Investors Bank Turns Bank Accounts Into Fundraisers

By on April 21, 2014

Care2ShareCoinsBake sales, popcorn sales, car washes, tricky trays: If you’ve got a kid in any public school or activity in Verona, you’ve had a lot of fundraisers. And many of those fundraisers probably required more effort to manage than the funds they generated.

Investors Bank, which has a branch in Verona at the intersection of Bloomfield and Fairview avenues, might have a better solution. It’s a new affinity program called Care2Share and it effortlessly turns ordinary bank accounts into fundraising tools.

Here’s how it works. Any group, sports team or house of worship that is a registered 501(c)(3) non-profit can set up a Care2Share program at the bank. The group’s members link their checking or savings accounts at Investors to the Care2Share account and, once a quarter, Investors looks at all the balances and makes a contribution to the non-profit based on those balances. The contribution ranges from .15% on the average monthly balance of a savings account to .25% of the average balance on a checking account.

There’s no charge to set up a Care2Share account and no charge or minimum balance for an Investors checking or savings account, though your group must have at least 10 linked accounts to qualify for a donation from the bank. Investors does not share information about your account with the non-profit you’ve linked to–or with any of the group’s members. What’s more, since Investors now has branches all over New Jersey, New York City and Long Island, groups can invite support from friends and relatives who don’t even live in Verona (and they don’t have to worry about delivering cookies or wreaths to their doors).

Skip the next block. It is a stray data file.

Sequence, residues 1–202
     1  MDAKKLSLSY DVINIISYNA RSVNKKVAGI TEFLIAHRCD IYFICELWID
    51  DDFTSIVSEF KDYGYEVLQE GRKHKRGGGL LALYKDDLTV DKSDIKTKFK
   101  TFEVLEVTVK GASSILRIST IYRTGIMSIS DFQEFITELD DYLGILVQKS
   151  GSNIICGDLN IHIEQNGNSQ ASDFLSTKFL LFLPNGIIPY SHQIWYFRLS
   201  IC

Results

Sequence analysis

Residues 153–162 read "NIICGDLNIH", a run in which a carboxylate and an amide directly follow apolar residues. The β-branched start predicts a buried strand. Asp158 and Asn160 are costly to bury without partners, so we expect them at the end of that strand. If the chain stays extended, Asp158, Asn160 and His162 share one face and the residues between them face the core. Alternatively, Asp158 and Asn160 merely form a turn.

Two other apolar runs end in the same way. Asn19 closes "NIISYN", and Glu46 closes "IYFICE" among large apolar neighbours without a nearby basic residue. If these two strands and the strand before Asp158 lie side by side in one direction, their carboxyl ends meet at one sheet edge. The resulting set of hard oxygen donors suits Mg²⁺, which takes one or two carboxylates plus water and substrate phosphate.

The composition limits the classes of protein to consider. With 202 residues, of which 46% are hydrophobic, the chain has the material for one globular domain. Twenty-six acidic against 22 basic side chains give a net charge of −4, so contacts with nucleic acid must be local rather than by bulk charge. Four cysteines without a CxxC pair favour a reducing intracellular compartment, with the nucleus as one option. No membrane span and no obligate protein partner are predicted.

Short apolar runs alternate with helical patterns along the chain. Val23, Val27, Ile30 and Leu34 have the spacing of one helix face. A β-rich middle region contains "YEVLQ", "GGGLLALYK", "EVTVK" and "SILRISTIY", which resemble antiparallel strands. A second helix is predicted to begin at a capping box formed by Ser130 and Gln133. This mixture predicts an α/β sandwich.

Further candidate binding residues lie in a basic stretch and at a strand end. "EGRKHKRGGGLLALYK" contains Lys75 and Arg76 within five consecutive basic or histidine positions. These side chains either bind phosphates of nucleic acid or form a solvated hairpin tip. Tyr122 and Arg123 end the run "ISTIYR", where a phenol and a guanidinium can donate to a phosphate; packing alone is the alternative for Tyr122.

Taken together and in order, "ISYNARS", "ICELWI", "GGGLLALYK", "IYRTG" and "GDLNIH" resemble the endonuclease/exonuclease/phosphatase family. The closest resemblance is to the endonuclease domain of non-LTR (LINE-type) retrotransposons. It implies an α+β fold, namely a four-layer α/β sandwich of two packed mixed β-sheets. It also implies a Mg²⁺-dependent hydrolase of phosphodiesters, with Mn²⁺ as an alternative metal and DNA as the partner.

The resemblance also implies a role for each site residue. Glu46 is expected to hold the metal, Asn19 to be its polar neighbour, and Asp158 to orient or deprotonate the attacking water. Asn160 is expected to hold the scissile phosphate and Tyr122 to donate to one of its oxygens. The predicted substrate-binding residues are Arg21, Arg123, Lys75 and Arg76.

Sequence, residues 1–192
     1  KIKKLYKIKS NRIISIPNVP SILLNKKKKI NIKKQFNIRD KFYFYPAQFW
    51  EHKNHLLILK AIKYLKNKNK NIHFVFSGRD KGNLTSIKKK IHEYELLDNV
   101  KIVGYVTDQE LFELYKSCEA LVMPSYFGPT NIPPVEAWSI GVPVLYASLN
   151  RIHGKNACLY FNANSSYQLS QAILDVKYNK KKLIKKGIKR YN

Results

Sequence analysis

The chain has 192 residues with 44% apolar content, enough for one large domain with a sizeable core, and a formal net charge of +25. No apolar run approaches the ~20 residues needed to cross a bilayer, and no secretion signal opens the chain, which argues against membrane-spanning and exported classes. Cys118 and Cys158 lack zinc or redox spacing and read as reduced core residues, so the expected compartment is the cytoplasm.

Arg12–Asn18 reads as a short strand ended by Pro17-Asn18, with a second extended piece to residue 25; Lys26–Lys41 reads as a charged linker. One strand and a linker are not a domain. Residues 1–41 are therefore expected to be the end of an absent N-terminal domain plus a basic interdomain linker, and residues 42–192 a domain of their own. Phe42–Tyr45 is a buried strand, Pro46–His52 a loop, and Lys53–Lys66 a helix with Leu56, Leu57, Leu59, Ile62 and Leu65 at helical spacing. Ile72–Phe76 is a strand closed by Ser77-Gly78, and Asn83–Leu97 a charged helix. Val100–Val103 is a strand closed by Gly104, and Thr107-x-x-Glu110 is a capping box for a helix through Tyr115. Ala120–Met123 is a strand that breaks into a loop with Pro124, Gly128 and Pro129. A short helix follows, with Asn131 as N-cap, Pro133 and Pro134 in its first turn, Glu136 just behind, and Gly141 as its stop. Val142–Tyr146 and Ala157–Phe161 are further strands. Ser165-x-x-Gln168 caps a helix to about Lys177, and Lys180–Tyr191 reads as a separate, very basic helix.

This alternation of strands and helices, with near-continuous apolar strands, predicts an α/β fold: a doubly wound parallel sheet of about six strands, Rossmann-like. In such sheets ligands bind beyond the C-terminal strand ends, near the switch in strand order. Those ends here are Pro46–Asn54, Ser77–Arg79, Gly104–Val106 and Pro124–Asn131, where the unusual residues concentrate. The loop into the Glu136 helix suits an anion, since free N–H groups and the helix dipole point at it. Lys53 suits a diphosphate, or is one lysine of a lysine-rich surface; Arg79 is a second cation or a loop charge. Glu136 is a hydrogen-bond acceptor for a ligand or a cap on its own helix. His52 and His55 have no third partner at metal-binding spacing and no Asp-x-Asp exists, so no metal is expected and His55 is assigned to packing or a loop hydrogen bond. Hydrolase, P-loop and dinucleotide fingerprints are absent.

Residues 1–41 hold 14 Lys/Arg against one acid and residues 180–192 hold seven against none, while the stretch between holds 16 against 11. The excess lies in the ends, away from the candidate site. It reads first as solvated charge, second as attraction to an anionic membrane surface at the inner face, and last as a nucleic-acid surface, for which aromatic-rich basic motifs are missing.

“Investors prides itself on its commitment to charity,” says Lisa Bernardo, an assistant vice president at Investors and manager of the Verona bank. “Our logo stands for the four things that are key to us: community, commitment, cooperation and character.”

Participating accounts can only be linked to one organization at a time, but since Investors accounts are free, individuals could easily set up one account to benefit a sports team and another to aid their house of worship, for example. Donations made through Care2Share aren’t tax deductible since they are not made directly, but you also don’t have to go searching for check stubs and receipts at the end of the year to satisfy your accountant.

Once a group is set up for Care2Share, Investors provides a comprehensive marketing kit that it can use to inform its members about the program, with everything from handouts to ready-to-use copy for emails and press releases.

You can learn more about Care2Share here, or pick up a brochure at the branch.


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One Comment

  1. Bob Rinklin

    April 22, 2014 at 8:52 am

    Care2Share really works, as a way for local nonprofits to raise a steady stream of funds from its members and supporters

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